It was supposed to save TV makers all the trouble of launching and maintaining their own Internet web sites and, in theory, Google’s long history of delivering search data online could be leveraged to finally conquer the television programming guide, with a catch-all guide that would allow users never to miss another episode of Psych again.
But the search engine giant has pulled back from plans to unveil major Internet TV upgrades from key partners like Toshiba, LG Display and Sharp at the January CES. These are three of the top vendors at the upcoming Consumer Electronics confab, just a few days away. If it were anyone else but Google, causing this much disarray, this close to the biggest US consumer electronics show of they year, CE makers would drop them, never to be seen again. But the solid gold Google can’t be so easily dismissed, so Toshiba et al, are making the best they can out of a less than optimal situation.
“We will not be announcing a Toshiba TV or Blu-ray player or demonstrating the products at CES,” reported the NYT, quoting Jeff Barney, the vice president of Toshiba’s digital products division in the recent Sunday (Business Day, Technology section.) “We have an understanding with Google about the future product roadmap and will bring the right product out at the right timeframe,” he said.
NYT also reported that it looks like LG Display and Sharp are in the same boat, with only Samsung moving forward with announced Google TV plans, and the plans are still a bit sketchy.
In general, most CE makers are shipping certain high-end TVs and BD players with Internet capability, and they are not dependent on the Google TV software to offer these services. Most offer Netflix video streaming, Pandora and YouTube access along with other basic Internet services via Yahoo. Most of these products were announced and shown more than a year ago at CES 2009. Samsung, for example, has its “Internet@TV” web site (with “UK” in the URL) that includes apps, a limited number of TV channels (like History Channel and BBC player), plus some traditional looking applications one finds on the iPhone or Android O/S.
With this Google TV alliance, most analysts were expecting CE makers to deliver a full-blown V.20 upgrade of what was shown last year — only now centered around the mighty Google search engine.
Sony and Logitech were first to the Google TV party, and you can see examples of these products selling in Best Buy or Amazon.com today. But that’s perhaps part of the problem. Anecdotal reports of lackluster sales, along with low rating reviews from recent customers, have purportedly brought about a change in Google’s plans. For example NYT reported “…38 percent of shoppers on Amazon.com gave the Logitech Revue box three stars or fewer, and 19 percent gave it the lowest rating of one star. The main complaints were that it was slow and did not offer more features or programming than other, less expensive set-top boxes.”
One look and most consumers can figure out the problem pretty quickly. Sony sells its G-TV version in a $400 BD player that currently offers little value beyond V.1 offerings currently shipping by CE makers. For example, its flagship TV search feature is currently limited to Dish Network customers, with the promise of “…availability with other cable and satellite providers in the future.” So what do I really get for my $400?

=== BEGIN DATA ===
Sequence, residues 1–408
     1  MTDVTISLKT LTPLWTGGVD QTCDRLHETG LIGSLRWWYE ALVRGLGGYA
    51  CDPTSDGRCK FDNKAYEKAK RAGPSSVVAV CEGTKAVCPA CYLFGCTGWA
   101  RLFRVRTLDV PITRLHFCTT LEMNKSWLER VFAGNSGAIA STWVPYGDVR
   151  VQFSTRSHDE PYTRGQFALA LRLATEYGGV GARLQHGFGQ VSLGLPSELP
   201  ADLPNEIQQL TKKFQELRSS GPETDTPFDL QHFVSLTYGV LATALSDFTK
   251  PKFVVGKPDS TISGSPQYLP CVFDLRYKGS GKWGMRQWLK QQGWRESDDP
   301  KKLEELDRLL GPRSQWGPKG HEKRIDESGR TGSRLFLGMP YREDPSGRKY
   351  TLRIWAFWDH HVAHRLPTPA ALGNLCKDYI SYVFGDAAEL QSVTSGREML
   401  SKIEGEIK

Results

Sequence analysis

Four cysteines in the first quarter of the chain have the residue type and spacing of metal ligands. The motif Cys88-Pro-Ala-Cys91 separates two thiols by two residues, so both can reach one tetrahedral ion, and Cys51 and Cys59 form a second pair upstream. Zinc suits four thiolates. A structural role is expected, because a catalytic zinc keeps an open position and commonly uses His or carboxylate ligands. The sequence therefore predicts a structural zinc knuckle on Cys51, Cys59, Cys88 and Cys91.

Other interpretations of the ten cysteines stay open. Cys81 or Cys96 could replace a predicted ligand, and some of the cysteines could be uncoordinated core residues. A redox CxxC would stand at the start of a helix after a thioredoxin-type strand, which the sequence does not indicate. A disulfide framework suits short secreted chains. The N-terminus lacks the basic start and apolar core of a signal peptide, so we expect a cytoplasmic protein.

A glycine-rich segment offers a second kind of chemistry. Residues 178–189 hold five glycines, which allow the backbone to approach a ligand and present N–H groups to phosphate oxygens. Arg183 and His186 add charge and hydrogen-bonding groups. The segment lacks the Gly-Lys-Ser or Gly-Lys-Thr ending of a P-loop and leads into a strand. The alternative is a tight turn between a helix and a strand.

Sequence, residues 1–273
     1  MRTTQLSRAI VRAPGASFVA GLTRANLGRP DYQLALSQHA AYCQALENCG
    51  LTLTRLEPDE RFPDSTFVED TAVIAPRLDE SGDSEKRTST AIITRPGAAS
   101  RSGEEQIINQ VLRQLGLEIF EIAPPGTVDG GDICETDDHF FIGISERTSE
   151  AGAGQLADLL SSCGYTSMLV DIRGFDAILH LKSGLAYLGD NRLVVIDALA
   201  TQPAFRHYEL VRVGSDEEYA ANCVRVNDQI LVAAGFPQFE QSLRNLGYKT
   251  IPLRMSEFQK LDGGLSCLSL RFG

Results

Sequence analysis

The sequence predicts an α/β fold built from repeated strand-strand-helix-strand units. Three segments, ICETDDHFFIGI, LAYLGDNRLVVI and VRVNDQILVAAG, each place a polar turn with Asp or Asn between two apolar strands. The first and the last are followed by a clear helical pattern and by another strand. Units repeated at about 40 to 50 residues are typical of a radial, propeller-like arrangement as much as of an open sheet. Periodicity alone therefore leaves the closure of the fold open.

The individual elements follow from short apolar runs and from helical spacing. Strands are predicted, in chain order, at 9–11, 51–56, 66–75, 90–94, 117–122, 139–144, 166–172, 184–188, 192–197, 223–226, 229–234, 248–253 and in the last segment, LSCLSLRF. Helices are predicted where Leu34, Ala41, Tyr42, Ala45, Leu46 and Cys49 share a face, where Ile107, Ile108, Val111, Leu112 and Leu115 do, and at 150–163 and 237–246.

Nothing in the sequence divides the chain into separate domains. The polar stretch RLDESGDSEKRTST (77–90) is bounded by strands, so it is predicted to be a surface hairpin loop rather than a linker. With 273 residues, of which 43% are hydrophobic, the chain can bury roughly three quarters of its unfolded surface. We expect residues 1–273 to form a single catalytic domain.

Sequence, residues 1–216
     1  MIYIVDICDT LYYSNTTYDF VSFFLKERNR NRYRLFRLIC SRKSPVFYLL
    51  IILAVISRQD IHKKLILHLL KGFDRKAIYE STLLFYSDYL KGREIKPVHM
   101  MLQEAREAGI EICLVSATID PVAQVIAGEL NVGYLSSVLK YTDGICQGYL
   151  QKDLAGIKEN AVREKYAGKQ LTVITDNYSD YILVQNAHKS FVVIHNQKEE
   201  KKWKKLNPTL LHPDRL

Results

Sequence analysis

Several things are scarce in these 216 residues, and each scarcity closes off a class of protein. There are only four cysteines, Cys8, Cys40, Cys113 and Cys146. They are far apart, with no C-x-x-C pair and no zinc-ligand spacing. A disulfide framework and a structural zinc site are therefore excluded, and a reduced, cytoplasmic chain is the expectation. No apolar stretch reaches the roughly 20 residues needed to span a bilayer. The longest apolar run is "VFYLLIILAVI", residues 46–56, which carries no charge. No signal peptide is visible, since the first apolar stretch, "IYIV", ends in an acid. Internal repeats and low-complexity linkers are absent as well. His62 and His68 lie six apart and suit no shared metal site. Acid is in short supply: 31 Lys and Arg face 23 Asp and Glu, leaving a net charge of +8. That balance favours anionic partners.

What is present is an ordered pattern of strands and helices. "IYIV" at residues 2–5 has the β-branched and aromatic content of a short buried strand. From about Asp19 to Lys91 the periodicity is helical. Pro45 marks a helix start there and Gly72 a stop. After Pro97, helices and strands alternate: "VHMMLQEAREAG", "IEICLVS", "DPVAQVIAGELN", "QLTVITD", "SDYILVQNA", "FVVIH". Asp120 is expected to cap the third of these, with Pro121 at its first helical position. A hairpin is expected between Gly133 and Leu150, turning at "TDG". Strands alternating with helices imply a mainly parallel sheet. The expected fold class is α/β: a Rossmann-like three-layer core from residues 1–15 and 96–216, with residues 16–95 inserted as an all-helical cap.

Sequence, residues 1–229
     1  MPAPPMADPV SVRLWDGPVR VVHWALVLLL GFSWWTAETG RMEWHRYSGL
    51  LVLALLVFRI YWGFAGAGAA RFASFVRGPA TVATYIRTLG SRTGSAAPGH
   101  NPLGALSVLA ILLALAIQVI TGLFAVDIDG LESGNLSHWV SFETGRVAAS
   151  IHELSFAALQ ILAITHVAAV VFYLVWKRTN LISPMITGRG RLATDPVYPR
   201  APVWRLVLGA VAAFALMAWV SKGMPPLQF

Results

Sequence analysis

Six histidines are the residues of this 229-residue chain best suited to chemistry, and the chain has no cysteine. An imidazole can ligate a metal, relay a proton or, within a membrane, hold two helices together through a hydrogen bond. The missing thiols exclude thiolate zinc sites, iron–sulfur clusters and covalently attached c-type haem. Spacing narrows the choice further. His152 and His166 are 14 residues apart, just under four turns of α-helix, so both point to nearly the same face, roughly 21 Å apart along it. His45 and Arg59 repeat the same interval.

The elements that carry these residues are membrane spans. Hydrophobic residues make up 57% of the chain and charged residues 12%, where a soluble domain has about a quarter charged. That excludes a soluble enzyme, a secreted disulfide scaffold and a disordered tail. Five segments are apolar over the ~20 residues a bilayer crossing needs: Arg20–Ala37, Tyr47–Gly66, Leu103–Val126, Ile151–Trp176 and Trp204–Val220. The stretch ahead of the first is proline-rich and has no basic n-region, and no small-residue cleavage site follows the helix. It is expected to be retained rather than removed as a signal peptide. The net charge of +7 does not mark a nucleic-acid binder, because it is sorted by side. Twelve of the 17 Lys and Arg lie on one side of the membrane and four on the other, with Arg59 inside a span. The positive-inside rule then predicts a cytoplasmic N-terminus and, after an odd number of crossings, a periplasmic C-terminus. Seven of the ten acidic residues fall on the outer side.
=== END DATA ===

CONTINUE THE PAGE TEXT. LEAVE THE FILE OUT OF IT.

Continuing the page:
In the Sony product, beyond a standard BD player (not recorder DVR like TiVo, mind you) you get a “fancy” remote that looks so complex, you would think it could launch the Space Shuttle. Check out this image, with the Sony tag line, “Easy to use…” Does this TV remote look anything like “easy?” Can you see your Mom, or her Mom using something like this? Logitech’s solution is a little better with a recently reduced $249 price tag (down from $300), but they are still expecting folks to use a keyboard and mouse on their TV. An approach that flies in the face of conventional “lean-back” TV viewing experience wisdom. Admittedly, the multitasking trend (texting while doing everything else in life) may have tempered this keyboard in the living room phobia a bit—particularly with the younger set, and with respect to TV.
At present, suffice it to say, the GTV idea is still a bit half-baked. The value proposition leaves a lot to be desired, the dearth of content deals with broadcasters is striking, and basic interface issues still need to be proven out. On that last score, two suggestions: look to the texting model to interface with the TV (like the iPhone/iTouch Remote app for the AppleTV). Better still, lose the remote all together and move to the Microsoft Xbox Kinect gesture driven approach.
The lesson here — even the mighty Google, bursting at the seams with IQ, can stumble. Only this time it comes on the backs of TV vendors, caught in a tight spot, with million-dollar CES real estate on the line, who are now scrambling for an Internet TV “Plan B.”
Steve Sechrist is a senior analyst and editor for Insight Media. Reach him at email@example.com